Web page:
One of my favorite metaphors for understanding loss is the image of a ship that leaves from the port.  Those of us on this shore watch the ship gently sail out to sea, its sails billowing in the wind.  It takes a turn or two, but ultimately heads for the horizon, that point in the far distance where water and sky meet as one.  She grows tinier and tinier, and then the moment comes when she reaches that distant blending, and suddenly she is gone, no longer visible to our eyes.  “She is gone,” we say, as we stand together on this shore, looking out into the distance.

But tradition teaches us that there is another shore, the farthest shore, beyond our vision, beyond our horizon.  And on that shore, at the very instant that the great ship disappears from our view, she can be seen by those who are already there.  On their horizon she appears first as a tiny dot, moving in the waves, slowly but surely coming ever closer.  At the very moment when we say ‘she is gone’ those on that distant shore exclaim ‘here she comes.  Let us welcome her in peace.’  And those who travel on the ship know they will be welcomed home.  As the shore comes into their view they see its white beaches, and beyond that a far green country under a swift sunrise.

And there are moments when we are blessed with a clearer vision of that other shore, when we can look out to the horizon and see just a bit further, when the shore we stand on and the shore they’ve gone to come just a bit closer to one another.  At those moments we feel a stronger presence, and in that presence a keener sense of absence.

And today is one of those moments.  The holidays, the coming of fall, the turning of the leaves, the deep sense of moving time, the presence of our loved ones here in this hallowed space.  We remember today, and in doing so we honor their lives in the beginning of a new year –

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Missing Mentors

A double entendre.  Missing as in they are gone, and also missing as in missing them, feeling their absence in our hearts.  There is something about the holiday season that deepens both meanings.  Maybe because it is a family oriented time, a time we shared with them.  Maybe it is because of the memories of holidays gone by, of sitting with a loved one at the table, or in shul.  Maybe it is because so many of the holiday’s themes are tied to loss, mortality, the fragility of life.  But that sense of absence is keenly experienced when the nights become cool and the leaves begin to fall.

I have a private ritual I enact every year a week or two before the holidays.  I make sure to get to our synagogue’s cemetery to visit the graves of the clergy who served Beth El over the years.  I visit the grave of Rabbi Jacob Agus, whom I never met, but whose presence is felt in the halls of the synagogue every day as a source of guidance and wisdom.  I linger at the tombstone of Cantor Saul Hammerman, a golden voiced Hazzan with an old world sense of humor and a deep love of the Jewish people, with whom I was lucky to share many a conversation.  And always last I visit the grave of  Rabbi Mark Loeb, my senior rabbi for more than a decade, and a true mentor and friend to me and to many others.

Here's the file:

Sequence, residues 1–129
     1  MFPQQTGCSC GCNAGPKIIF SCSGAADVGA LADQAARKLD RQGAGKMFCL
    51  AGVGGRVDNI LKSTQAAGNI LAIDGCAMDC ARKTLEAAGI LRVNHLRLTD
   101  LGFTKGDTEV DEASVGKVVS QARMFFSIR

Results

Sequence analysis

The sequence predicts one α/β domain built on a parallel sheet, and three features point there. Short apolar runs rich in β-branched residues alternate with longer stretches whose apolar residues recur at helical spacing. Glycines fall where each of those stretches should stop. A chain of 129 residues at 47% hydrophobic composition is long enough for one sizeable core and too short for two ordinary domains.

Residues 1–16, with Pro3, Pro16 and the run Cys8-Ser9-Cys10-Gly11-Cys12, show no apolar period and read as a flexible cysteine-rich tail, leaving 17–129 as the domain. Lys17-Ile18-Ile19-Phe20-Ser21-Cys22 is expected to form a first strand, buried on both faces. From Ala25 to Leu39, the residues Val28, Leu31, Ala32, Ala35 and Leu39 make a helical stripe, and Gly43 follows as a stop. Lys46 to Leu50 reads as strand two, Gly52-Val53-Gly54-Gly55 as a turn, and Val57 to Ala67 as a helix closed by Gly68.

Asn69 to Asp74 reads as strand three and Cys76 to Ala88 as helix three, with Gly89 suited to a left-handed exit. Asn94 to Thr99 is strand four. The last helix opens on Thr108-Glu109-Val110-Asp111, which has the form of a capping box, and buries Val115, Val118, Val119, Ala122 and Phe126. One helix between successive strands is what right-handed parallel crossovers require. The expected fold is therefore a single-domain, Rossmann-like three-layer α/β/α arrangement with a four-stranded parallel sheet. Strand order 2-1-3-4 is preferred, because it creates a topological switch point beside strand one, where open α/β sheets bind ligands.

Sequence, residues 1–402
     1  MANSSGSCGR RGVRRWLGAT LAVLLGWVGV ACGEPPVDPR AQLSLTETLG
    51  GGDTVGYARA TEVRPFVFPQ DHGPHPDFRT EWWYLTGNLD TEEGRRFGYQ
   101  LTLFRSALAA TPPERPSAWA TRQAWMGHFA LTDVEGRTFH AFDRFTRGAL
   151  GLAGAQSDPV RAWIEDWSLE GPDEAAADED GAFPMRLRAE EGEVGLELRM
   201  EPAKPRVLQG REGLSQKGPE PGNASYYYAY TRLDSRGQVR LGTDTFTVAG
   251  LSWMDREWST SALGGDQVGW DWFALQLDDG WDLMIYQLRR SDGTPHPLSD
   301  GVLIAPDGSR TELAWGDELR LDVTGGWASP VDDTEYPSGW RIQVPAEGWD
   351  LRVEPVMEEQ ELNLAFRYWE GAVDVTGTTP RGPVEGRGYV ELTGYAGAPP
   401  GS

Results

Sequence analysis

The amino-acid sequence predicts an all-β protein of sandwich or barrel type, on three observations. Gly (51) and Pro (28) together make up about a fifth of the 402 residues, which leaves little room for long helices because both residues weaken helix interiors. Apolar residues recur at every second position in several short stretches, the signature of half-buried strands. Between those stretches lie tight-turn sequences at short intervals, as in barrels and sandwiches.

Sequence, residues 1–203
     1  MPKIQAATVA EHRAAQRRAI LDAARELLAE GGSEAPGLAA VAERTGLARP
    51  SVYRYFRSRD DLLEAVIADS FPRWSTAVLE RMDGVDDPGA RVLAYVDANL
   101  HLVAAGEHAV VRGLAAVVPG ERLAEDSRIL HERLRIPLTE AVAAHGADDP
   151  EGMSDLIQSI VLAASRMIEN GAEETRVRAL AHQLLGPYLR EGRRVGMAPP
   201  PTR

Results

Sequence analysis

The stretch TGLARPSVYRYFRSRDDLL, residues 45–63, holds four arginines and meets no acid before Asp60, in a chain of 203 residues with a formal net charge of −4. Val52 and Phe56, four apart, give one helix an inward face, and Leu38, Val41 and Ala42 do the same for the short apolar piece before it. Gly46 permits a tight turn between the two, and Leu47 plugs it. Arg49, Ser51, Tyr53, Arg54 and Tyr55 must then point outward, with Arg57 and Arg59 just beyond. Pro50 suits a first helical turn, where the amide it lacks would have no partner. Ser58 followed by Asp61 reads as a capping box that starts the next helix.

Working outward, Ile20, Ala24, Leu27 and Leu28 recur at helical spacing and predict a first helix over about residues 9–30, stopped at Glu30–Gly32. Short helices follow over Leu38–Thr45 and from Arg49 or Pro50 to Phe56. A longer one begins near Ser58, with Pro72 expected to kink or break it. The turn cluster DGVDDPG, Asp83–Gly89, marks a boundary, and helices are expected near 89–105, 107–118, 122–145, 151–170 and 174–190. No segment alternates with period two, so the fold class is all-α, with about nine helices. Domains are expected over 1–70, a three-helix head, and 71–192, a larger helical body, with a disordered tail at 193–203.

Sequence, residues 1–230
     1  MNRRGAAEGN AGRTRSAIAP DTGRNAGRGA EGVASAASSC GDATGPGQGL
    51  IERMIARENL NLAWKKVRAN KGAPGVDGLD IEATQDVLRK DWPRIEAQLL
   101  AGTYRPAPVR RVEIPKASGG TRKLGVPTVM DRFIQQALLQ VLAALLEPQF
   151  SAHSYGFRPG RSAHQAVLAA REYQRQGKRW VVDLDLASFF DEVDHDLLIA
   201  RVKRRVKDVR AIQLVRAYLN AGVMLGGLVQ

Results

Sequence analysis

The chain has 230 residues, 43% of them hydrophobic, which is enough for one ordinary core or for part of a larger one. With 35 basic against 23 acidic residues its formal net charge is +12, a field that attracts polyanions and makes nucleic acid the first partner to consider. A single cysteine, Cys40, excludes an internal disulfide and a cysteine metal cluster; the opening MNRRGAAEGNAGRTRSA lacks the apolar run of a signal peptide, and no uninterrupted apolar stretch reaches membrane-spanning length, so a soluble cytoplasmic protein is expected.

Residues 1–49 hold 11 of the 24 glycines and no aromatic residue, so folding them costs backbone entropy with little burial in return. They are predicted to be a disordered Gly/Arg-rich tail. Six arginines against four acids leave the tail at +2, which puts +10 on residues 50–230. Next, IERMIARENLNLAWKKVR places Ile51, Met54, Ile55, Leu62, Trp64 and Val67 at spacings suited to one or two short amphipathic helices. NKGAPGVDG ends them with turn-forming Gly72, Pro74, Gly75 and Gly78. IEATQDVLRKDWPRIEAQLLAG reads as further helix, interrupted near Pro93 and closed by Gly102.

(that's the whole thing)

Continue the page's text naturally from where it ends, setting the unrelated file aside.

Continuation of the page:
It is at the last grave where I crouch down, where I brush my hands over the metal letters, where I again read the words that I’ve read hundreds of times.  What I wish I could share!  What I wish I could ask!  The void can be sensed, almost palpably, but it cannot be breached.  And yet.  There is meaning in the visit.  A sacred sense, an honoring of presence, an affirmation that the connection still exists in some mysterious and inexplicable way.  And in that there is comfort and strength.  And purpose.  What  I do I do not do alone.  Where I go, others go with me.  And in that sense of permanent presence I find blessing and grace, courage and hope, laughter and longing, sadness and celebration.  I find life.  And a new year begins.

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The Good Old Days

In yet another summer reading list detour, I am about half way through a wonderful little book called The Shepherd’s Life by James Rebanks.  The book is part memoir, part ode to England’s Lake District, part tribute to the ancient farming culture that has existed there for hundreds and hundreds of years.  Rebanks is a wonderful writer with an eye for the little details that fully immerse the reader in the story he is telling.  The book has been well reviewed, and as I make my way through the pages I understand why – it is an evocative portrait of a family and a culture in which we can see ourselves and our own lives.

The Shepherd’s Life is also a book soaked in nostalgia.  For childhood.  For a simple life of steady work and uncomplicated days.  For a lost grandfather, the patriarch of the Rebanks family.  And of course, like all things nostalgic, for the past, in this case an ancient farming culture that slowly but surely gives way in the face of modernity.  There is a wistfulness to the carefully composed sentences, a longing for things gone by and memories long cherished.